Lithosphere delamination with foundering of lower crust and mantle caused permanent subsidence of New Caledonia Trough and transient uplift of Lord Howe Rise during Eocene and Oligocene initiation of Tonga-Kermadec subduction, western Pacific
|Author(s)||Sutherland Rupert1, Collot Julien2, 3, Lafoy Yves3, Logan Graham A.4, Hackney Ron4, Stagpoole Vaughan1, Uruski Chris1, Hashimoto Takehiko4, Higgins Karen4, Herzer Richard H.1, Wood Ray1, Mortimer Nick5, Rollet Nadege4|
|Affiliation(s)||1 : GNS Sci, Lower Hutt 5040, New Zealand.
2 : IFREMER, Ctr Brest, Dept Geodynam & Geophys, F-29280 Plouzane, France.
3 : Direct Ind Mines & Energie Nouvelle Caledonie, Serv Geol Nouvelle Caledonie, Noumea 98845, New Caledonia.
4 : Geosci Australia, Canberra, ACT 2601, Australia.
5 : GNS Sci, Dunedin 9016, New Zealand.
|Source||Tectonics (0278-7407) (American Geophysical Union), 2010-03 , Vol. 29 , N. TC2004 , P. 1-16|
|WOS© Times Cited||52|
|Keyword(s)||norfolk ridge system, back arc extension, new zealand region, south fiji basin, sw pacific, northland plateau, tasman sea, seismic stratigraphy, geodynamic ecolution, tectonic evolution|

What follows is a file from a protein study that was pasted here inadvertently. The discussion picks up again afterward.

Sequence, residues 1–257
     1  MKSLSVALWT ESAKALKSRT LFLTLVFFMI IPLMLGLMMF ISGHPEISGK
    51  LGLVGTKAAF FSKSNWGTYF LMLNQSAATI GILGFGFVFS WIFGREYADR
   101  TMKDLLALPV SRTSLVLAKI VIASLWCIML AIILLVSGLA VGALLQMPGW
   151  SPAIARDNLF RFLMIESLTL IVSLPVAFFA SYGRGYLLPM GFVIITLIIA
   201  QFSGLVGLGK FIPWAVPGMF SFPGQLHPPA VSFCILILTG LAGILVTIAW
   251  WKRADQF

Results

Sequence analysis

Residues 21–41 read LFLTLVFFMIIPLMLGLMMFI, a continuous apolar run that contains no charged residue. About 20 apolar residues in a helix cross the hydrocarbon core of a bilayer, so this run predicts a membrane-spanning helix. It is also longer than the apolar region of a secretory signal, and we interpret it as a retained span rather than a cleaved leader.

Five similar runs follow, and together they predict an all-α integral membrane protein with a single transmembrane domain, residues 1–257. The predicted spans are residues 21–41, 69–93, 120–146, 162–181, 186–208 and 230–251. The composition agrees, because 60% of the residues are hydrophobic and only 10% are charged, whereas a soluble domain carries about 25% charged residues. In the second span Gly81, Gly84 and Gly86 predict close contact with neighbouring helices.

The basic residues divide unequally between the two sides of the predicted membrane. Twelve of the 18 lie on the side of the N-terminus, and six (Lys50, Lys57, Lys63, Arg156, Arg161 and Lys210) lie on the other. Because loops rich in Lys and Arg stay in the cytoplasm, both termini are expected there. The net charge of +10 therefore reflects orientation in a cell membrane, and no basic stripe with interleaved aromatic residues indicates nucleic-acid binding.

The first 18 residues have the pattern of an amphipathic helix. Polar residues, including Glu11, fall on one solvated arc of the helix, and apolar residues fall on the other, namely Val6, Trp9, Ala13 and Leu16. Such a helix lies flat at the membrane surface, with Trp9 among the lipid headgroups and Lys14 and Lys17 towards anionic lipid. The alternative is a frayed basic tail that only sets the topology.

|Abstract||We use seismic reflection and rock sample data to propose that the first-order physiography of New Caledonia Trough and Norfolk Ridge formed in Eocene and Oligocene time and was associated with the onset of subduction and back-arc spreading at the Australia-Pacific plate boundary. Our tectonic model involves an initial Cretaceous rift that is strongly modified by Cenozoic subduction initiation. Hence, we are able to explain (1) complex sedimentary basins of inferred Mesozoic age; (2) a prominent unconformity and onlap surface of middle Eocene to early Miocene age at the base of flat-lying sediments beneath the axis of New Caledonia Trough; (3) gently dipping, variable thickness, and locally deformed Late Cretaceous strata along the margins of the trough; (4) platform morphology and unconformities on either side of the trough that indicate a phase of late Eocene to early Miocene uplift to near sea level, followed by rapid Oligocene and Miocene subsidence of similar to 1100-1800 m; and (5) seismic reflection facies tied to boreholes that suggest absolute tectonic subsidence at the southern end of New Caledonia Trough by 1800-2200 m since Eocene time. The Cenozoic part of the model involves delamination and subduction initiation followed by rapid foundering and rollback of the slab. This created a deep (>2 km) enclosed oceanic trough, similar to 2000 km long and 200-300 km across, in Eocene and Oligocene time as the lower crust detached, with simultaneous uplift and local land development along basin flanks. Disruption of Late Cretaceous and Paleogene strata was minimal during this Cenozoic phase and involved only subtle tilting and local reverse faulting or folding. Basin formation was possible through the action of at least one detachment fault that allowed the lower crust to either be subducted into the mantle or exhumed eastward into Norfolk Basin. We suggest that delamination of the lithosphere, with possible mixing of the lower crust back into the mantle, is more widespread than previously thought and may be commonly associated with subduction initiation, such as Cenozoic events in the Mediterranean and western Pacific.|